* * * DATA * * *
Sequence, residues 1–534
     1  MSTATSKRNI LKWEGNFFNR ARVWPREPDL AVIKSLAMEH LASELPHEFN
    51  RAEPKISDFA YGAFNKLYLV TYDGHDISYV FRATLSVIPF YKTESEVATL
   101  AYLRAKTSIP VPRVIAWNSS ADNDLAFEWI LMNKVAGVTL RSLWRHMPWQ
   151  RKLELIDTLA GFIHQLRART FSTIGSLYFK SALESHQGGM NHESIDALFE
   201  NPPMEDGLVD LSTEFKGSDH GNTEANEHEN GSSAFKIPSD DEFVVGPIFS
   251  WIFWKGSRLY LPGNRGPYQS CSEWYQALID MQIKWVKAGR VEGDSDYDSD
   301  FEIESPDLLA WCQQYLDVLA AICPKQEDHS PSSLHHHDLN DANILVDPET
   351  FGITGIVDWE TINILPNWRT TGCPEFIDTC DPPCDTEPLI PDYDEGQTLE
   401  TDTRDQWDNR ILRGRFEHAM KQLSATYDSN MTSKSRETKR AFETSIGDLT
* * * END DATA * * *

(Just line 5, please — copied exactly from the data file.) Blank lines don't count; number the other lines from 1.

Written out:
   151  RKLELIDTLA GFIHQLRART FSTIGSLYFK SALESHQGGM NHESIDALFE